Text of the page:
I'm generally not a costume drama man. Too many characters to learn, too much restraint and stuffiness, too much talking, too much prissiness and too many costumes. But A Royal Affair worked for me. While most of the elements I dislike are part of the sumptuous production, there are only three characters you really need to follow, and that made a world of difference to me.
The fact-based story is clear, crisp and interesting. I would have appreciated a bit more information on the mechanics of the government - watching a king being treated in a dismissive, near contemptuous fashion by his council, then later seeing him bark out orders to them during a hissy fit and having those orders instantly followed makes you wonder where the power lies in the palace.
The king in question is Christian VII (Mikkel Boe Folsgaard), a real ninny. His majesty has mental problems, we hear whispered. What we see is an obnoxious young numpty with poor impulse control used to getting his way. The council is used to using the king to rubber stamp their bad policies. Throughout the surrounding countries, the Enlightenment is being embraced and progressive thinking is in vogue. But Denmark in this part of the 1800s remains a backwards nation.
The king has been furnished a queen, beautiful Brit Caroline Mathilda (Alicia Vikander), but the two don't hit it off. She arrives in Denmark in a sullen, pouty mood and her demeanor doesn't improve when she meets her betrothed. He doesn't like her either, preferring the rowdier, cheerful women he encounters while carousing. Their initial union consists of a hand job and a rape. The queen gets pregnant as a result of the assault and from that point forward, the two keep their distance, content to exchange sneers and the occasional insult.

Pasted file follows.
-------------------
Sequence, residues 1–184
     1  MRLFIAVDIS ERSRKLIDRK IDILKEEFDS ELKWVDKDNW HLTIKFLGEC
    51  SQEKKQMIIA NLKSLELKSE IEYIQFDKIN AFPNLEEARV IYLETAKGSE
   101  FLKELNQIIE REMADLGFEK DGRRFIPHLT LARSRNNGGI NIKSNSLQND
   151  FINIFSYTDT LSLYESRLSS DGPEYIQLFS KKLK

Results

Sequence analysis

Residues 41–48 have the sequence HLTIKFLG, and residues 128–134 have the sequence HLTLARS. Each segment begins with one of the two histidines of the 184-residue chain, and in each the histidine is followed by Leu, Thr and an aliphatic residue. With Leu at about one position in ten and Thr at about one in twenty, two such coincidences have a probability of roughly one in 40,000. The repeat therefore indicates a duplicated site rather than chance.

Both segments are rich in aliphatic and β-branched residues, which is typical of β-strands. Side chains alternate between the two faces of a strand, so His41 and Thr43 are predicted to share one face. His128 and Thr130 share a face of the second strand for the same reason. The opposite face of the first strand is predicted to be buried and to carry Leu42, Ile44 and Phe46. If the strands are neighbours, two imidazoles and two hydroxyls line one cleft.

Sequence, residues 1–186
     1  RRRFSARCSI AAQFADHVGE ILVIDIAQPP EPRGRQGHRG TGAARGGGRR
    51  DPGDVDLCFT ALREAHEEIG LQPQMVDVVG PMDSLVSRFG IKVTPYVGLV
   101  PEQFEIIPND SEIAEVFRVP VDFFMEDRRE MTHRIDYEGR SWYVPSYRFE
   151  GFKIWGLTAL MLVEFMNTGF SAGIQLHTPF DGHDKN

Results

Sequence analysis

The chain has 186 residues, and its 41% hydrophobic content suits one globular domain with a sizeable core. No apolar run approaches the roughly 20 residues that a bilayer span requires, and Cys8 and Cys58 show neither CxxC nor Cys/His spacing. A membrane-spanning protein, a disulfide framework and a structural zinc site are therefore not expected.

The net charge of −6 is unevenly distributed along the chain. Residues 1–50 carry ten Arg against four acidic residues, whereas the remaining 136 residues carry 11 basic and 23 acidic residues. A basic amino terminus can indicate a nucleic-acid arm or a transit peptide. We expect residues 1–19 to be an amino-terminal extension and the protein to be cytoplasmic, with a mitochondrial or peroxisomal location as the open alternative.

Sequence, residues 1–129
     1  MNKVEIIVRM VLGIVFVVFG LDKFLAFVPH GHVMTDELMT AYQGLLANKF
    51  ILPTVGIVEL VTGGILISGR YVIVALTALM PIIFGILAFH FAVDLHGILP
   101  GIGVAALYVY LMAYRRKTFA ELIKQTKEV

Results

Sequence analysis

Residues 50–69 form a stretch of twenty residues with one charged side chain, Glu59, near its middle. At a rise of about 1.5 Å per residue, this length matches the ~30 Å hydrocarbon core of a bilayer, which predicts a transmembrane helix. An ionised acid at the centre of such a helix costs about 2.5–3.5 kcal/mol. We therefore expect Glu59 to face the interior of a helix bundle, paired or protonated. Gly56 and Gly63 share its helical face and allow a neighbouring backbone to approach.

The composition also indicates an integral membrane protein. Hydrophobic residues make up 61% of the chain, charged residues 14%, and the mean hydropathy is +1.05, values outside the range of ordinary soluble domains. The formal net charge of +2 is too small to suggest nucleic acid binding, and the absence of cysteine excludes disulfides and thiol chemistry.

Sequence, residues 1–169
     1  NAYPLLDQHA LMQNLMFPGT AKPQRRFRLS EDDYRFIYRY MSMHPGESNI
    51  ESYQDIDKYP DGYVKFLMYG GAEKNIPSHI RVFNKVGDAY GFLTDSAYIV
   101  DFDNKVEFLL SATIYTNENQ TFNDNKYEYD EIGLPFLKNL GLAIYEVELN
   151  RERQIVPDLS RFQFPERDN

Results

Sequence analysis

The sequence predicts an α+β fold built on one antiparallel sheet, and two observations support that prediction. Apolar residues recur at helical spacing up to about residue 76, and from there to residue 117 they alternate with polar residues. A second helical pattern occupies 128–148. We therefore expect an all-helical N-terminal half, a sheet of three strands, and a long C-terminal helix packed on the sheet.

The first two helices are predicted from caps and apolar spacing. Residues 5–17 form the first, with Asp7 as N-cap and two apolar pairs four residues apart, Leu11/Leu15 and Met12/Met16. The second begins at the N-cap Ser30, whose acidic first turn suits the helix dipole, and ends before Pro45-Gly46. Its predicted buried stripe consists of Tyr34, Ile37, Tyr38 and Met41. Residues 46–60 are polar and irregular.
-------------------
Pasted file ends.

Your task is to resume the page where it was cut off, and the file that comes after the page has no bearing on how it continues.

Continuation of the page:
When the king's behavior gets too far out of control, German-born physician Johann Friedrich Struensee, is recruited to control his majesty. Struensee is a free-thinker, but the Council doesn't know that. His recruiters do - they share his mindset and hope he can influence the king to drag the country back into the sunlight.
Struensee and King Christian hit it off - Christian develops a non-sexual crush on the reassuring doctor/father figure/pal, and indeed, Struensee gets the king to stand up to the council and force through some progressive policies. While the council seethes, Queen Caroline interrupts her slow burn long enough to fall for Struensee and before you know it, it's bodice-ripping time. To tell the truth, given the queen's personality, I suspect she insisted on her bodice being removed properly and neatly folded during her royal dalliance.
Obviously, getting frisky with the queen is not a smart thing to do. Poor Struensee, free-thinking with his crotch instead of his head. But I guess that's just what happens when your facial expression is almost always sly and your Mick Jagger lips have a built-in smirk.
As much as I appreciated the clarity of the story, I felt the production had a few missing pieces. Who enforces the king's edicts when what he demands infuriates the council used to controlling him? We see soldiers at the ready, but isn't there an officer who acts as liaison between the troops and the palace? And shouldn't we meet him?
The three principal figures from Denmark's history are interesting, but not terribly likable, which I found refreshing. A Royal Affair has lots of talking and very little action. It runs 2 hours and 17 minutes, which seems a bit long, though I couldn't point to what I'd edit. The subtitles may put some viewers off, but you're more sophisticated than that, aren't you, idealized reader?
[A+E] Film + TV
[A+E] Classical Music, Film + TV
[A+E] Film + TV
[A+E] Film + TV, Beer + Wine